The AgriGenomics sector has a long history of tackling some of the world’s most challenging issues. From food security to climate change, Agrigenomics is working to improve lives and livelihoods around the globe. It is the study of the genetics and genomics of plant populations. It encompasses all aspects of plant biology, from the molecular to the ecosystem. Agrigenomics studies include:
0DNA and RNA sequencing – DNA sequencing determines the exact order of nucleotides in a molecule. RNA sequencing is similar but focused on determining the exact order of bases in an RNA molecule instead of DNA. Both types of sequencing can be used to determine gene expression levels across different tissues or strains.
Phenotyping – Phenotyping refers to any measurement that can provide information about a trait (e.g., growth rate or biomass production) or an environmental factor (e.g., temperature). In agrigenomics, phenotyping involves measuring traits such as biomass production, seed volume, and fruit shape. These measurements can provide insight into how genes affect these traits at the molecular level, which can then be used to develop new crop varieties with higher yields or better nutritional content.
Breeding for seed yield and quality – This includes cross-breeding, selection and mutation breeding techniques. These techniques are used to improve yield, protein content, germination rate, dormancy, disease resistance etc.
Breeding for pest resistance – This includes insect-resistant varieties (IRVs), nematode resistant varieties (NRVs) and herbicide-tolerant varieties (HTVs). IRVs are obtained by crossing a parent variety with a male sterile variety or a recessive gene carrier. NRVs are obtained by crossing a parent variety with an NRV donor line, and HTVs are obtained by cross-breeding HTV donors with HTV recipient lines.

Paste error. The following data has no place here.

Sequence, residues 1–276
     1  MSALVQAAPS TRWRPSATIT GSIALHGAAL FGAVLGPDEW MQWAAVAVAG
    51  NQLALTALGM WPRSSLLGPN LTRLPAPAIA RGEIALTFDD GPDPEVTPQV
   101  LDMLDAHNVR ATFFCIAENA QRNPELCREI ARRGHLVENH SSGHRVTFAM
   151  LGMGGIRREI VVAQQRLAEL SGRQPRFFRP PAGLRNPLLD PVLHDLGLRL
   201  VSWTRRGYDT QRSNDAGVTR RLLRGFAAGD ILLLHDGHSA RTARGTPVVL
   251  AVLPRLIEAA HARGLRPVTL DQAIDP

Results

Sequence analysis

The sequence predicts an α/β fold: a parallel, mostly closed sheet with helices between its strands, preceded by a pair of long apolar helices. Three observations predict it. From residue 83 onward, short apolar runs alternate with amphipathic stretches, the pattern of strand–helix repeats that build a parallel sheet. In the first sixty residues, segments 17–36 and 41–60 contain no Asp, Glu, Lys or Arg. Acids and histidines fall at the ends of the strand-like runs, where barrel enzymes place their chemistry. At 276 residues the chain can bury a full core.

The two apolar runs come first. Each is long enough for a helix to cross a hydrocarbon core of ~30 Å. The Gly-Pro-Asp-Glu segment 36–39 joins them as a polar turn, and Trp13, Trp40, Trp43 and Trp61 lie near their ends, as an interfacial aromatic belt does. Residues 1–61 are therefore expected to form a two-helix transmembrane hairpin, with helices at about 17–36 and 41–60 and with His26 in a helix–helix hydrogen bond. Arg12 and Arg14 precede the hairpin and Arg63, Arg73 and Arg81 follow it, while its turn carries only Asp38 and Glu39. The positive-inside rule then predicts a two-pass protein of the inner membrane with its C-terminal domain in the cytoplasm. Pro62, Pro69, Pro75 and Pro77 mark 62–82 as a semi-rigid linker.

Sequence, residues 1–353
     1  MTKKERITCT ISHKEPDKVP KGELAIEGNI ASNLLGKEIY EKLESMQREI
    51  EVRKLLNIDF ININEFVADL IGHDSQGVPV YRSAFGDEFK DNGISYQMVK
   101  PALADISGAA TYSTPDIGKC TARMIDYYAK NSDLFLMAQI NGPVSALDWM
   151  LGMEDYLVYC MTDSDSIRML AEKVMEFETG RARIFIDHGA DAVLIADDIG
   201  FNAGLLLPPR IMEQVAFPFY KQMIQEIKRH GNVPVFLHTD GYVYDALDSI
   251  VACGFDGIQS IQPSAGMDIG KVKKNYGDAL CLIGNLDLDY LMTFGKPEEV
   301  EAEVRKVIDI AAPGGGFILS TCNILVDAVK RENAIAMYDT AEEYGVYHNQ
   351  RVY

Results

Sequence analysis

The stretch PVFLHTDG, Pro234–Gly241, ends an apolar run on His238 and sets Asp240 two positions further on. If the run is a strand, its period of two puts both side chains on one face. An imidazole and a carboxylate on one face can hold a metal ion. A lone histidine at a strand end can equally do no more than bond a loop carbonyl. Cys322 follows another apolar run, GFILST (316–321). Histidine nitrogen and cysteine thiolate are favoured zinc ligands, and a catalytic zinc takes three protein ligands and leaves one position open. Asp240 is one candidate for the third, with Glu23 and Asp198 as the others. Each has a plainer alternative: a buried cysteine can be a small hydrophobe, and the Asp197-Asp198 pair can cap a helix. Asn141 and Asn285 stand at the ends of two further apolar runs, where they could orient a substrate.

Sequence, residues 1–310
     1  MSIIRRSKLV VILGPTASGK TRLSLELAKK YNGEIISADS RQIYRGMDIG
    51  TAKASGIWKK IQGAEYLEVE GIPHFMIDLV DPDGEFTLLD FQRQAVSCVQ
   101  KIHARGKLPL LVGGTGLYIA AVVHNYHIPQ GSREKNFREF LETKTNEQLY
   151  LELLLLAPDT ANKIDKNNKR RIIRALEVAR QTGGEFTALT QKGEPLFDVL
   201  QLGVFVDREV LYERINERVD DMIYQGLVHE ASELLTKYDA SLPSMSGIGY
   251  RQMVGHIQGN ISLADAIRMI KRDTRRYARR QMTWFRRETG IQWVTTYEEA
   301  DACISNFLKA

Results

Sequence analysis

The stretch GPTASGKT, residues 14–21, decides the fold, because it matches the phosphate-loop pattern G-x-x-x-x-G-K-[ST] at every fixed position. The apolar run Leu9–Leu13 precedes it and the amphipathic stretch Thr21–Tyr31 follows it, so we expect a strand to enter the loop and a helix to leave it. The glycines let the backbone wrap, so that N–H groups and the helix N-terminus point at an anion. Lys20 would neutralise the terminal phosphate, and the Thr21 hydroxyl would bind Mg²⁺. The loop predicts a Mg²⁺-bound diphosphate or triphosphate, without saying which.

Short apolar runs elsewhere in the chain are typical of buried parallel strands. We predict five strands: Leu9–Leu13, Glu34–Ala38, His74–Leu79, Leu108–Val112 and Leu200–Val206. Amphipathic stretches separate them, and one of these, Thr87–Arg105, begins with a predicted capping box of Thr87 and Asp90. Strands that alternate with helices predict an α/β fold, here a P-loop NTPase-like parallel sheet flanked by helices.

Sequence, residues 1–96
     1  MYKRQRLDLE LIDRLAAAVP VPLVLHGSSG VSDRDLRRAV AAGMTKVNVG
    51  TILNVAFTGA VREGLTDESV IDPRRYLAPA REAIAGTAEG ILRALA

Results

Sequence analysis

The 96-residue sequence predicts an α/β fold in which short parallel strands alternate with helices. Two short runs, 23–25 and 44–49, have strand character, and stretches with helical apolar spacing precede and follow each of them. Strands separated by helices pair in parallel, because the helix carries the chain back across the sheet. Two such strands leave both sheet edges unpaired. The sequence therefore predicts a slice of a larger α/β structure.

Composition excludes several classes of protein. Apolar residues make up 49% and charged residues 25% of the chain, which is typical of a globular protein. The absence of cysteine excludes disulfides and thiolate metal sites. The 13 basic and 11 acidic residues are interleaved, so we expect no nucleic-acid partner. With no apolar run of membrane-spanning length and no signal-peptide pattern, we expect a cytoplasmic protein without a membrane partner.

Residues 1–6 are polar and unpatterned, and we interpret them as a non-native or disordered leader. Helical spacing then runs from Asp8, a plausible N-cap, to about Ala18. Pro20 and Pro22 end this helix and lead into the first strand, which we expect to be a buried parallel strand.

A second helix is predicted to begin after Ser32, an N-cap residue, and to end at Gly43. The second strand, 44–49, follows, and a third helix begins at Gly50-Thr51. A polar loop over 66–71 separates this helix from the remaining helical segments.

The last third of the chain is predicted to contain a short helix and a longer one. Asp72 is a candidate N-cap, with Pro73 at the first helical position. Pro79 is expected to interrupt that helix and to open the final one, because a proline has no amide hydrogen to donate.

Breeding for weed resistance – This involves breeding some weeds resistant to herbicides like glyphosate (e.g., pink rocket), glufosinate ammonium (e.g., purple nutsedge), glufosinate ammonium bromide (e.g., quackgrass).
Plant development growth and nutrition– AgriGenomics involves research on plant development, plant growth, plant nutrition, and plant disease and pest management. It also includes understanding the function of genes and how they work within plants. This can be done by studying genomes (DNA), gene expression in tissues or organs, metabolomes (the set of molecules produced by a cell), or transcriptomes (the set of RNA molecules produced by a cell).
What to Expect from Agrigenomics?
Agroecology seeks to achieve the following:
1) Developing a more holistic approach to farming
2) Raising awareness among farmers about the importance of sustainable agriculture
3) Improving soil fertility
4) Increasing biodiversity in the field through better use of weeds or other biological controls
5) Using biotechnology for pest management
6) Increasing water usage efficiency through drip irrigation systems or other methods to conserve water.
Agrigenomics is a new field of research which aims to study the genetics of plants and crops. This field of knowledge has been enriched by genomics techniques, which can be used to identify genes and proteins involved in plant growth and development. In short, it is the application of genomics, proteomics and metabolomics in agriculture. It is a part of modern agriculture that uses genetic science to improve the quality of crops and foods for humans and animals.